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Roseomonas sp. Isolated from Ticks, China | CDC EID

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Volume 16, Number 7–July 2010
Roseomonas sp. Isolated from Ticks, China
Wei Liu,1 Fang Zhang,1 Er-Chen Qiu, Jun Yang, Zhong-Tao Xin, Xiao-Ming Wu, Fang Tang, Hong Yang, and Wu-Chun Cao
Author affiliations: Beijing Institute of Microbiology and Epidemiology, Beijing, People's Republic of China (W. Liu, F. Zhang, E.-C. Qiu, X.-M. Wu, H. Yang, W.-C. Cao); Chinese People's Armed Police Force Center for Disease Control and Prevention, Beijing (J. Yang, F. Tang); and Chinese National Human Genome Center, Beijing (Z.-T. Xin)

Suggested citation for this article

To the Editor: Roseomonas, which produces pink colonies, is a newly described genus of gram-negative bacteria (1). Human infections with Roseomonas spp. have been reported in the past decade, mostly in immunocompromised persons with underlying diseases such as acute leukemia, cancer, and rheumatoid arthritis (2–5). A healthy woman was reported to be infected by R. gilardii after being bitten by a spider (6), which indicated possible transmission by an arthropod.

As a part of an investigation of tick-borne diseases, we collected actively questing and feeding ticks in Xinjiang Autonomous Region, People's Republic of China, in the summers of 2007 and 2008 (7). Ticks were washed in 75% ethanol, 30% hydrogen peroxide, and sterile distilled water. Five ticks of the same species, sex, and developmental stage were pooled and ground in 1 mL of saline. A 0.1-mL suspension was placed on cysteine heart agar plates containing chocolate and 9% sheep blood (Becton Dickinson Microbiology Systems, Cockeysville, MD, USA) and supplemented with colistin, amphotericin, lincomycin, trimethoprim, and ampicillin. Eggs laid by engorged female ticks were collected and kept at room temperature.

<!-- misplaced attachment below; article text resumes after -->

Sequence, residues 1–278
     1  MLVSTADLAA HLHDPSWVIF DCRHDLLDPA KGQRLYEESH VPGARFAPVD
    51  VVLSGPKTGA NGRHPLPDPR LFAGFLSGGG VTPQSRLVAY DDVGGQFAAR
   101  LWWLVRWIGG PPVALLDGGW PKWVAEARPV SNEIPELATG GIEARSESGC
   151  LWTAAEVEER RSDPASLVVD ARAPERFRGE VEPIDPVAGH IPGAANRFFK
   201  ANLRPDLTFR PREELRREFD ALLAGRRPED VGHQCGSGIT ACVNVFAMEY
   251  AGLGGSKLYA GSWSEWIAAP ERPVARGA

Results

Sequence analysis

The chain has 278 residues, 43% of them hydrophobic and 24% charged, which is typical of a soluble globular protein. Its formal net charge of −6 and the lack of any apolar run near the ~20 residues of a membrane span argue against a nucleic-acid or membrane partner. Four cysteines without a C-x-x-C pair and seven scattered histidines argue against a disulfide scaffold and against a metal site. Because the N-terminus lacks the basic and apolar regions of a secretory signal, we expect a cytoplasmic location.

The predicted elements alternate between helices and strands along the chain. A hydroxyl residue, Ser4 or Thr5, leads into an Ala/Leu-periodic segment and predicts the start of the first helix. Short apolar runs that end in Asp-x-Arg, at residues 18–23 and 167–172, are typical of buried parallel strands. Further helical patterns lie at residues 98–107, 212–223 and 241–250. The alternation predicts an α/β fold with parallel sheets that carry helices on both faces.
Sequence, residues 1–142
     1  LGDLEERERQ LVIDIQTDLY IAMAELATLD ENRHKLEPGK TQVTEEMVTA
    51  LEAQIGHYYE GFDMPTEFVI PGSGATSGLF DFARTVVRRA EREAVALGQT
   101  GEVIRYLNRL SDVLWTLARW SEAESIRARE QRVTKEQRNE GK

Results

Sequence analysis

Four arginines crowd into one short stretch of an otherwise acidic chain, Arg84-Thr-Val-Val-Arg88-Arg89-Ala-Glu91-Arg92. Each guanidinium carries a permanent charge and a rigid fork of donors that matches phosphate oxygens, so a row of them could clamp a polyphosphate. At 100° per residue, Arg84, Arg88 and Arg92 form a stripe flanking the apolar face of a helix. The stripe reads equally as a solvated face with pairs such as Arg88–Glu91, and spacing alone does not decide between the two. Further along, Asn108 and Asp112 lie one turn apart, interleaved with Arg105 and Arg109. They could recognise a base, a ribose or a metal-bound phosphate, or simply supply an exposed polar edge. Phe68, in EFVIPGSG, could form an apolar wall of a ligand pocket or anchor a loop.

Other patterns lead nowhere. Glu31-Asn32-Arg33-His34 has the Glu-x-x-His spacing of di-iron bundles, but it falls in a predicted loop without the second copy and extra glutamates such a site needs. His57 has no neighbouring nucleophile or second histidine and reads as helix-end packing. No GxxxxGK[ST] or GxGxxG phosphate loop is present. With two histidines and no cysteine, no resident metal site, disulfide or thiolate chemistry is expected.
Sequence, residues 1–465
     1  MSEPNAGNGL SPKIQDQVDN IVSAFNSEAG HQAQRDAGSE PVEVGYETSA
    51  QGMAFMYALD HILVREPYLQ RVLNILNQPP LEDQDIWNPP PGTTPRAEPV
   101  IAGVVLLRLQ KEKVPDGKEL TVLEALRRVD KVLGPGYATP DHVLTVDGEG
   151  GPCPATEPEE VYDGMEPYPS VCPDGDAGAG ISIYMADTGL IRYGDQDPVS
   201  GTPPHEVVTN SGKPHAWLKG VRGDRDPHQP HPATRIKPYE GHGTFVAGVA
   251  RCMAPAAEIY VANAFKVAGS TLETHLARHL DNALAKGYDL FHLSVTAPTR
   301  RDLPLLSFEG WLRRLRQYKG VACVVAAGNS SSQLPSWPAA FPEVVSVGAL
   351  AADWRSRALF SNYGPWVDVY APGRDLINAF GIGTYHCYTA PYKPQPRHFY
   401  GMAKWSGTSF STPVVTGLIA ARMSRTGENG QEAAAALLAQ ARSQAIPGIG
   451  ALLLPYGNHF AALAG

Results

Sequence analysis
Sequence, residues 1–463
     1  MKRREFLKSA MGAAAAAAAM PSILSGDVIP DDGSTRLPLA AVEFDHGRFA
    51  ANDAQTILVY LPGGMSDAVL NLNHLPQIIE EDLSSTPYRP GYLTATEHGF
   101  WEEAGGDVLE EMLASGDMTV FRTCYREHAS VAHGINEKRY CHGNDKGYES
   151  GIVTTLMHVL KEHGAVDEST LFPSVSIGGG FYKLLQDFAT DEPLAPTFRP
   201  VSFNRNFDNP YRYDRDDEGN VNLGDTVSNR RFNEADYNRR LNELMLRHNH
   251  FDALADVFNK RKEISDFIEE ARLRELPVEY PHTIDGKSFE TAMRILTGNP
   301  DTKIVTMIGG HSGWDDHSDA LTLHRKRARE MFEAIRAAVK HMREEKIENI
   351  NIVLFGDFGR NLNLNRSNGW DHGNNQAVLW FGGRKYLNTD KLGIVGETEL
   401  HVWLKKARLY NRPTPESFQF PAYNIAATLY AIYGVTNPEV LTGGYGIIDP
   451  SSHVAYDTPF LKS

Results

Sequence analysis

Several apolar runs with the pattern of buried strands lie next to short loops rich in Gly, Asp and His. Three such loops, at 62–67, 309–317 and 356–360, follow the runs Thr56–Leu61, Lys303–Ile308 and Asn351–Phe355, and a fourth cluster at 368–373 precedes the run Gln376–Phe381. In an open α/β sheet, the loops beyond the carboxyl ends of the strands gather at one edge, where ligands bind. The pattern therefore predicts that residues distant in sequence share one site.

Fourteen days after hatching, larval ticks were processed as a batch by using the same methods described above. After 2–3 days of incubation at 37°C, pink colonies were observed in 9 cultures, 8 of which originated from engorged female Dermacentor nuttalli ticks. The other culture originated from larval ticks, the progeny of an engorged female D. nuttalli tick. Colonies were pinpoint, pale pink, shiny, raised, and mucoid. The pink color of the colonies became pronounced when the bacteria were transferred onto plates containing Luria-Bertani agar. Bacteria were gram-negative, plump, coccoid rods, in pairs or short chains. Electron microscopy showed that each organism was ≈0.7 × 1.1 μm.

The 9 isolates showed identical phenotypic and biochemical characteristics, which were similar to those of previously reported Roseomonas spp. (1). However, the isolates required a lower salt concentration (<4% NaCl) and a higher temperature (37°C instead of <35°C) for optimal growth than other Roseomonas spp. Antimicrobial drug susceptibility tests showed that the isolates were susceptible to aminoglycosides (amikacin, gentamicin, and tobramycin), tetracycline, and a β-lactam (imipenem) and resistant to cephalosporins (similar to R. cervicalis) (1) and sulfamethoxazole.

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Roseomonas sp. Isolated from Ticks, China | CDC EID

Suggested Citation for this Article
Liu W, Zhang F, Qiu E-C, Yang J, Xin Z-T, Wu X-M, et al. Roseomonas sp. isolated from ticks, China [letter].
Emerg Infect Dis [serial on the Internet]. 2010 Jul [date cited].

DOI: 10.3201/eid1607.090166

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